As a part of emergency government research aimed at addressing this need, RIKEN and University of Tokyo, are developing an H1N1 detection technique based on its SmartAmp technology.
With the number of novel influenza A (H1N1) cases increasing in countries around the world, the rapid spread of the virus has triggered worldwide alarm. There is a pressing need at medical institutions for methods to detect whether individuals are infected with the virus in order to effectively slow its spread.
As a part of emergency government research aimed at addressing this need, the RIKEN Omics Science Center (OSC), in cooperation with the Institute of Medical Science at the University of Tokyo, is developing an H1N1 detection technique based on its SmartAmp technology.
The SmartAmp (Smart Amplification Process) reduces the single nucleotide polymorphism (SNP) analysis time to just half an hour, and the precise results thus produced allow genetic diagnosis to be carried out immediately upon initial consultation. Using this technology, OSC has developed methods for detecting the regular seasonal influenza A virus, the H3N2 virus, and the susceptibility of these viruses to Tamiflu treatment. Most laboratories continue to use the RT-PCR system, which for H1N1 necessitates reverse transcription in order to convert RNA into DNA (H1N1 is an RNA virus). The SmartAmp approach carries out this step in parallel with DNA amplification. The time and effort required for the new technique is thus roughly the same as in the conventional SmartAmp process.
OSC researchers are currently applying SmartAmp for diagnosis of the H1N1 virus, as well as developing reagents for virus detection and optimizing the conditions for the reagents. Once optimization is complete, tests will be performed on actual samples from patients at the Osaka Prefectural Institute of Public Health. In cooperation with the Infectious Disease Surveillance Center and the International Medical Center of Japan, the goal is to deploy the technique to clinics within the next six months.
Novel mechanisms of action discovered for the skin cancer medication Imiquimod
21.10.2016 | Technische Universität München
Second research flight into zero gravity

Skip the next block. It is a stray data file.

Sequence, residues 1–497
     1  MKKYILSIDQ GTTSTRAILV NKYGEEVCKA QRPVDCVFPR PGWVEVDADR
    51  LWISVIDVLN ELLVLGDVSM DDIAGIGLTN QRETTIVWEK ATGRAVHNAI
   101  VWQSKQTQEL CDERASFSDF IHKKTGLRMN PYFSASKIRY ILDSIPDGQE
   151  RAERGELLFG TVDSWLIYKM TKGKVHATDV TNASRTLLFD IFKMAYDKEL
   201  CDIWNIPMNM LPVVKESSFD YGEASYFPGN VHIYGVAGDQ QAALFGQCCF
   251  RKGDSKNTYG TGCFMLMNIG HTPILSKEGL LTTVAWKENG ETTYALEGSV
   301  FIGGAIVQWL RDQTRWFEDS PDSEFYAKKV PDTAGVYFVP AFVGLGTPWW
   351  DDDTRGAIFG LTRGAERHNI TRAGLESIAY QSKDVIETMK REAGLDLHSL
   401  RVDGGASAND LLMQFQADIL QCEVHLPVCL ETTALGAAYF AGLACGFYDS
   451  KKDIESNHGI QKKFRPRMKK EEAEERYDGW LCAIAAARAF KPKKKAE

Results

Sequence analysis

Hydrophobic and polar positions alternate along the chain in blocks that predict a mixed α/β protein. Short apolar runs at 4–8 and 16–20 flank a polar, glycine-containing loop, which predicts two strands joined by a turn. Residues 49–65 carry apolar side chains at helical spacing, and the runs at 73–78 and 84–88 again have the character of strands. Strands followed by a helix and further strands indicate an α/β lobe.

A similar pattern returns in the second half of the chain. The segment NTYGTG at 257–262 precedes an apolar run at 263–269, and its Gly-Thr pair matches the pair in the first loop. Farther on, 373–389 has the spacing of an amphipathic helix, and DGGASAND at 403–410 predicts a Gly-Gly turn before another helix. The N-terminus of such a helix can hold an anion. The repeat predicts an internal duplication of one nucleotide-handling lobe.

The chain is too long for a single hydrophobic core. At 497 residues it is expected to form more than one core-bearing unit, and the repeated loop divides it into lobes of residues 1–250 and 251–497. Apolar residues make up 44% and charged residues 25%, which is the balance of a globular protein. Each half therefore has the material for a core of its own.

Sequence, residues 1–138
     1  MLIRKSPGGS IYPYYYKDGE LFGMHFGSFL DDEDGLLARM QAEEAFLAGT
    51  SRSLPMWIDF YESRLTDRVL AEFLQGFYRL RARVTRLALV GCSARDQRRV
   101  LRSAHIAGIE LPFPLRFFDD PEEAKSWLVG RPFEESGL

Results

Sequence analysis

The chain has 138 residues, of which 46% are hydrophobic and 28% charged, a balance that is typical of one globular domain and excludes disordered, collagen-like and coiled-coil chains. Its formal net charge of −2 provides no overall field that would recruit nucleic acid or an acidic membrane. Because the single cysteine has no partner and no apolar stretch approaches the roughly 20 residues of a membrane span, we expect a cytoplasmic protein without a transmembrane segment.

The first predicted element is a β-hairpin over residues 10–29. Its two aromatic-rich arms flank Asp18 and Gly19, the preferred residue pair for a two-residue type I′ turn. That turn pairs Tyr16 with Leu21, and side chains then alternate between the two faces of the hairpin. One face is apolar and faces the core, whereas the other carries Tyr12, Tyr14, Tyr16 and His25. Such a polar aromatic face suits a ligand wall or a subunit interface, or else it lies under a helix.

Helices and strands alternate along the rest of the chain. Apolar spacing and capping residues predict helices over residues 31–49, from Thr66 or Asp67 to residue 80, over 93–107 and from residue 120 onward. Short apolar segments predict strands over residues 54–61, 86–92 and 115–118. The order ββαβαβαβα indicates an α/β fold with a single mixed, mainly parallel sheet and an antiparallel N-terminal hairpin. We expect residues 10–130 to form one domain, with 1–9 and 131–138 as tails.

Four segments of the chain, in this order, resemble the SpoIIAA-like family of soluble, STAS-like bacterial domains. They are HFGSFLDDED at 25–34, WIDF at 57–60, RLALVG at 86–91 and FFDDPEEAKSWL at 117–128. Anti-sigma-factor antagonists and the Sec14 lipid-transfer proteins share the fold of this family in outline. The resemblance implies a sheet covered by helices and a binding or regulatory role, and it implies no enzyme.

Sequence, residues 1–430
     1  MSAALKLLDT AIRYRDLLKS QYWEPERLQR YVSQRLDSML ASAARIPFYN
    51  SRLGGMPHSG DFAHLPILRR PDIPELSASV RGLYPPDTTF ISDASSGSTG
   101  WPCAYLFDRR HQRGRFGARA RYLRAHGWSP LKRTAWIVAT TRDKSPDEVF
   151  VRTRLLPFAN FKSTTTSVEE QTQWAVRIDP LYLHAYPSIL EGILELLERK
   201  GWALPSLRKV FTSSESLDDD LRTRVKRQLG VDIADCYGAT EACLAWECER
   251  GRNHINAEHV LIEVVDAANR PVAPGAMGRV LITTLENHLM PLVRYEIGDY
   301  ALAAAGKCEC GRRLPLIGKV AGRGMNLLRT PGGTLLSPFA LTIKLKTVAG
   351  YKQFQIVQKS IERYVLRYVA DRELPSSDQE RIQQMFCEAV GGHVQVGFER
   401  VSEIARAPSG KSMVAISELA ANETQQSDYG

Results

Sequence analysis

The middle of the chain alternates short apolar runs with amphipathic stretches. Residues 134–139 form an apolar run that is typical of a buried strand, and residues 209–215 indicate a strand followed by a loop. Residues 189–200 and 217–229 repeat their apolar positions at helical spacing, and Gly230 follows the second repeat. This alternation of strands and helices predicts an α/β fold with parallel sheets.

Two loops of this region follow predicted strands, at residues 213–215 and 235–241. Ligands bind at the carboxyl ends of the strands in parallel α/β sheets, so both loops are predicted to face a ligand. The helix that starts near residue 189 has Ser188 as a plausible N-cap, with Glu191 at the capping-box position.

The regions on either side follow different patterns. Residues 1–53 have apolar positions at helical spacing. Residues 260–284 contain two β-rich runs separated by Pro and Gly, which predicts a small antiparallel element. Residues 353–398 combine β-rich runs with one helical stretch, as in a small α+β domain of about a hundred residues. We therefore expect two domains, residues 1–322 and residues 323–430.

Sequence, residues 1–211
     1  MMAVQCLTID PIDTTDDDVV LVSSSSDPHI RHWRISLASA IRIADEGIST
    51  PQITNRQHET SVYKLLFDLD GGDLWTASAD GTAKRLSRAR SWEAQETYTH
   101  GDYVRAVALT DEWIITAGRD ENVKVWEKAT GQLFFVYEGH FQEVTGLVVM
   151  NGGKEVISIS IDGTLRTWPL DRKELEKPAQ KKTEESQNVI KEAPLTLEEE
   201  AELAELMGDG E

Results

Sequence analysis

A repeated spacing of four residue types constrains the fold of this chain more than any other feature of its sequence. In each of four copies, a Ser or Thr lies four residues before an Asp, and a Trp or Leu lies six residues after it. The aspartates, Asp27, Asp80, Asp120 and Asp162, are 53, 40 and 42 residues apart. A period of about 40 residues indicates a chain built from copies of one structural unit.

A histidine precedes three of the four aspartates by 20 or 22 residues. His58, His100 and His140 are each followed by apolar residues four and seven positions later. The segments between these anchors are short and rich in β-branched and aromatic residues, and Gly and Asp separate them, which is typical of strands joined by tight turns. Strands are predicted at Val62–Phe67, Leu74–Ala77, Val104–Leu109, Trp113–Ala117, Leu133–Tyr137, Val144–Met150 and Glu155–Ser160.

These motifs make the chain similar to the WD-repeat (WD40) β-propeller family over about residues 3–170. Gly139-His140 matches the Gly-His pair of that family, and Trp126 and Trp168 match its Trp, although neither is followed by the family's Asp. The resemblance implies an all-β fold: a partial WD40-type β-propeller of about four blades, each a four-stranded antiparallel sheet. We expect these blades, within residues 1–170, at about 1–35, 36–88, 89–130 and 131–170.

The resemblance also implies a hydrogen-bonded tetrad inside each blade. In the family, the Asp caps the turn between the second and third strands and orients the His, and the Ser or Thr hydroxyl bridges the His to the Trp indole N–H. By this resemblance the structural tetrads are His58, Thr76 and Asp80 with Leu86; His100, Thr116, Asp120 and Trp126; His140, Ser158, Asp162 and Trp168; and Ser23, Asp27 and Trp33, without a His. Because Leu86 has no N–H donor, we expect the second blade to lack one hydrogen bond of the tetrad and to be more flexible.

21.10.2016 | Universität Zürich
Researchers from the Institute for Quantum Computing (IQC) at the University of Waterloo led the development of a new extensible wiring technique capable of controlling superconducting quantum bits, representing a significant step towards to the realization of a scalable quantum computer.
"The quantum socket is a wiring method that uses three-dimensional wires based on spring-loaded pins to address individual qubits," said Jeremy Béjanin, a PhD...
In a paper in Scientific Reports, a research team at Worcester Polytechnic Institute describes a novel light-activated phenomenon that could become the basis for applications as diverse as microscopic robotic grippers and more efficient solar cells.
A research team at Worcester Polytechnic Institute (WPI) has developed a revolutionary, light-activated semiconductor nanocomposite material that can be used...
By forcefully embedding two silicon atoms in a diamond matrix, Sandia researchers have demonstrated for the first time on a single chip all the components needed to create a quantum bridge to link quantum computers together.
"People have already built small quantum computers," says Sandia researcher Ryan Camacho. "Maybe the first useful one won't be a single giant quantum computer...
COMPAMED has become the leading international marketplace for suppliers of medical manufacturing. The trade fair, which takes place every November and is co-located to MEDICA in Dusseldorf, has been steadily growing over the past years and shows that medical technology remains a rapidly growing market.
In 2016, the joint pavilion by the IVAM Microtechnology Network, the Product Market “High-tech for Medical Devices”, will be located in Hall 8a again and will...
'Ferroelectric' materials can switch between different states of electrical polarization in response to an external electric field. This flexibility means they show promise for many applications, for example in electronic devices and computer memory. Current ferroelectric materials are highly valued for their thermal and chemical stability and rapid electro-mechanical responses, but creating a material that is scalable down to the tiny sizes needed for technologies like silicon-based semiconductors (Si-based CMOS) has proven challenging.
Now, Hiroshi Funakubo and co-workers at the Tokyo Institute of Technology, in collaboration with researchers across Japan, have conducted experiments to...
14.10.2016 | Event News
14.10.2016 | Event News
12.10.2016 | Event News
21.10.2016 | Health and Medicine
21.10.2016 | Information Technology
21.10.2016 | Materials Sciences